I think a lot about when I first heard you were going to be in Nebraska. When a comedic actor takes a dramatic role, people always ask, "Are they moving to drama?" as if it's a diametric shift. But I was wondering, since you balance comedy and drama in this movie, if you think that the different types of acting coexist, or if you do view them as separate?Well, coming into the process, I was nervous because I looked at them as two very separate things. After going through it, I realized there are a lot more similarities than I thought. In fact, at the end I just realized, "Oh my god, it's the exact same thing!" Bruce Dern would always say during this process — he would give me this advice, because I was really intimidated and nervous in the beginning — he'd say, "Don't worry. Relax. Just listen and find the truth of the scene. Listen and be in the moment."
At first, I thought it was all just drama school mumbo jumbo, but then it really, really started to make sense the further we got in. I just realized that it was exactly right. If you're really listening and trying to be real in every moment… that's all anything is. That's all you're doing in comedy, too. The situations may be a little more absurd, but you're still just trying to find whatever the truth is in that scene and then commit to it a hundred percent. And lock in.
After a while, it was like I was inside the Matrix. [Laughs] I'm not fully there yet! I have a ton of work to do, by the way.
I think you're known best for your deadpan style. Do you think specifically being a deadpan comedian lent to this kind of role in a movie that balances comedy and drama so adeptly?That's so funny you say that — and I'm happy to hear you say that! Because I remember when I was first starting at the Groundlings, I loved doing deadpan stuff. But then the further I went through, I would think a lot of people would think of me as this loud, obnoxious person who does crazy, crazy stuff. So I love to hear that you think of me as deadpan, because that's something I've always loved doing.
And absolutely. I think the best way to answer that — and I don't know if it's an answer at all — when I was starting out in comedy at the Groundlings, everyone would write and act in their own stuff. So you would write your stuff on your own, you would be the crazy person, and you'd have your friend as the straight man for you. And then you would do them that favor in their stuff. I guess had some experience being the straight man from that.
And you know, you learn little bits along the way as you're going. I've learned so much through Saturday Night Live. You're doing so many different sketches each week that you're really getting some kind of training in all this without even knowing it. It was so much fun to get a chance to do a role like this. I would always think, "God, I wonder if I could ever do something like that," when I was watching a more dramatic movie. But I never thought I'd get a chance to see if I could. So this was such a wonderful, rewarding experience for so many different reasons. But it was also fun to have this challenge to see if I could do something like this.
Paramount via Everett Collection
Thinking about this movie, and Bruce Dern's Oscar nomination, he’s obviously the showy role. When a lot of people think of the best roles in cinema, they think of Raging Bull and Streetcar Named Desire. I think that's the kind of role that Bruce Dern is doing here. But I think there is something so mathematical about what you're doing in this movie — takes that you do, the way you look at Bruce when he says something heartbreaking. I was wondering if you had a specific reverence for downplayed dramatic performances, and if there are any particular ones that you hold close to your heart?Oh man. That is such a tough question. One thing I will say … getting to watch Bruce deliver this performance with my own two eyes is something I will never forget. It felt so special while we were making this — his performance — and then when I got to see it on the big screen for the first time after Alexander had finished putting it all together, it was every bit as special as I remembered. What a gift to be able to able to experience that from that proximity.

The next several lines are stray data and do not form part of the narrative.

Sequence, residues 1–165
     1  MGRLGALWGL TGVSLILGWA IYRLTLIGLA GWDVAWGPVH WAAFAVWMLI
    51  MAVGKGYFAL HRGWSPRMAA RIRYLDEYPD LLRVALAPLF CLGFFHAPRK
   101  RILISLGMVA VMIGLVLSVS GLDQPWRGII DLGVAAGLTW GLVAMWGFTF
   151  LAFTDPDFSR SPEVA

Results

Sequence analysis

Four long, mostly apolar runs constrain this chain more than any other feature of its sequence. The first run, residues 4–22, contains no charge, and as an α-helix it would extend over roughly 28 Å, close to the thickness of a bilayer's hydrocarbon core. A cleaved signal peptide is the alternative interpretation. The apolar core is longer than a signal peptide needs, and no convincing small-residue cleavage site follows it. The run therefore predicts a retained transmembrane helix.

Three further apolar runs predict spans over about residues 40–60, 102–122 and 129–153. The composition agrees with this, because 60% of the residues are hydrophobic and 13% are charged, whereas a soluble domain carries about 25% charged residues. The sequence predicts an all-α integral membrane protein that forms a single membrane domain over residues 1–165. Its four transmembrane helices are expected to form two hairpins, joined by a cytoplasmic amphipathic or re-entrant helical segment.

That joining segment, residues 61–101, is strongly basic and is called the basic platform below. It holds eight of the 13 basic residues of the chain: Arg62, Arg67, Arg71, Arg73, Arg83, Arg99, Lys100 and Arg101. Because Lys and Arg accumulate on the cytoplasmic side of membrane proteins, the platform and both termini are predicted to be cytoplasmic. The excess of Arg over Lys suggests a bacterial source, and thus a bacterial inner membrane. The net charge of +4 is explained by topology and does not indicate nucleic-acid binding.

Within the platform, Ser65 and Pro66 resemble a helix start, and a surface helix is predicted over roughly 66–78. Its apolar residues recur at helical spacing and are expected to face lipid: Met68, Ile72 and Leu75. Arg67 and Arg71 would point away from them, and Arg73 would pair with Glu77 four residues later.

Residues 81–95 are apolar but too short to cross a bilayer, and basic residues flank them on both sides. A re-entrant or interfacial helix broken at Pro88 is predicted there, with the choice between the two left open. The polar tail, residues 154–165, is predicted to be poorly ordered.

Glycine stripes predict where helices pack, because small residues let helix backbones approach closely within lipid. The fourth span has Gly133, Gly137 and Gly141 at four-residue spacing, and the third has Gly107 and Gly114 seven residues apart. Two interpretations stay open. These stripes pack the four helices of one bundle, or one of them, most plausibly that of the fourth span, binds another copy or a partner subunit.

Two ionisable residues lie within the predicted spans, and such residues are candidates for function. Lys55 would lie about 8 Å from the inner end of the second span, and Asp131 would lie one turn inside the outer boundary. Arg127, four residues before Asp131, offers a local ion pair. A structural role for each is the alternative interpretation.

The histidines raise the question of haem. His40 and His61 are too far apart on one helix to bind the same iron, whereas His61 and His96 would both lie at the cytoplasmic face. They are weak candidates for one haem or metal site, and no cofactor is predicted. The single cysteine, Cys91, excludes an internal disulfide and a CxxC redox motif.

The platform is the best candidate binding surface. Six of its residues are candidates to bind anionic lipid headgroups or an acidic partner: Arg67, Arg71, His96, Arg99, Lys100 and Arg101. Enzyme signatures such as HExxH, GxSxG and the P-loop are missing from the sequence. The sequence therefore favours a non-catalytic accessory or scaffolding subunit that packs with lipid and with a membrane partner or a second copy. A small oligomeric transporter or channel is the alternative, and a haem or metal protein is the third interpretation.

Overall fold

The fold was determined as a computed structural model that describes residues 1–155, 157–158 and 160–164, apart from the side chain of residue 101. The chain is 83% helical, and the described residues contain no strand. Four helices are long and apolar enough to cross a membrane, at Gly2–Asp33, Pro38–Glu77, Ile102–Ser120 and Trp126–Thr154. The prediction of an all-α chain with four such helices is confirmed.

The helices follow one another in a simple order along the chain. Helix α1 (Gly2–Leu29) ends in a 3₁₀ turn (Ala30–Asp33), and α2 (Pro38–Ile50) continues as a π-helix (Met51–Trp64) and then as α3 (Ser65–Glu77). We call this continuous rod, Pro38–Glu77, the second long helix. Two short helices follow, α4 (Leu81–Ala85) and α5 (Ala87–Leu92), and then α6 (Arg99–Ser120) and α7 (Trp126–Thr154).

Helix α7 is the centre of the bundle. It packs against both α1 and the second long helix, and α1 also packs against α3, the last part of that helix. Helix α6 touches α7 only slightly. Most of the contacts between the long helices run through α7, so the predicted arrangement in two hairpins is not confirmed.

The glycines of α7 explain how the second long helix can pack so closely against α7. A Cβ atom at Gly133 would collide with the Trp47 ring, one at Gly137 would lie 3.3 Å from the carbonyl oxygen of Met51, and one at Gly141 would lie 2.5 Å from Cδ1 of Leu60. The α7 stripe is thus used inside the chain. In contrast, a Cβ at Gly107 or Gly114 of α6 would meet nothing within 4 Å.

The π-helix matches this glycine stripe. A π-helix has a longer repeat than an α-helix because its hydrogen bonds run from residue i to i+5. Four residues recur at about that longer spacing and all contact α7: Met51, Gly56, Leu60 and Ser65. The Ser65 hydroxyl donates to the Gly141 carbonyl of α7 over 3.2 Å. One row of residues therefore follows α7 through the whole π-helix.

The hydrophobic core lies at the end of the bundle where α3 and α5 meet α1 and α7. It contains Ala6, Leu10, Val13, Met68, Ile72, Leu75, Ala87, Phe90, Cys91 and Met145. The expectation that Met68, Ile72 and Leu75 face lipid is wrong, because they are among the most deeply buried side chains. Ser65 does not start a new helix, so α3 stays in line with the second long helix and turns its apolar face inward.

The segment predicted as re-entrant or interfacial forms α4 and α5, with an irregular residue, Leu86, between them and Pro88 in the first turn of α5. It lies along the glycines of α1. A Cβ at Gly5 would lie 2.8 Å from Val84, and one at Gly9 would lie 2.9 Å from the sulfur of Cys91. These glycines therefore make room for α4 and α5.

As for appreciating [downplayed roles]… Man, it's the old thing where you — well, record stores don't really exist anymore — but I'd go into a record store, and for months and months I'd think about all these records that I'd be wanting to get, and then you find yourself in the record store and you can't remember a single one. So you just invited me into the record store and I can't think of the records I want to get.
What are your favorites and I'll tell you if I like them!
I always think of Dustin Hoffman in Kramer vs. Kramer. He goes a little nuts, but he's a little bit more tempered than those other characters.Oh yeah! Wow. Yes. I remember seeing that movie in the theaters with my parents. My God, was that '78, '79, something like that?
Yeah, '79.God, yes. Well, anything he does is amazing. I don't know if this even qualifies, but my favorite scene of any movie of all time is the scene in Dr. Strangelove when Peter Sellers is calling Dmitri — right? It's Dmitri, right? — Peter Sellers is the President of the United States calling him to apologize for having all the bombs sent over.
Yes! "It's great to be fine."I know that's not the answer to your question, but that's all I could think of.
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Columbia Pictures via Everett Collection
Here are this week's highlights from VH1, Celebuzz, Flavorwire, and Hollywood.com.
The New York Times wrote about 12 Years a Slave before it was cool – in 1853. The article discusses the events surrounding the real Solomon Northup, but it seems weird that it knows what happens in the 2014 Oscar-winning movie. Check out the 161-year-old article at Celebuzz.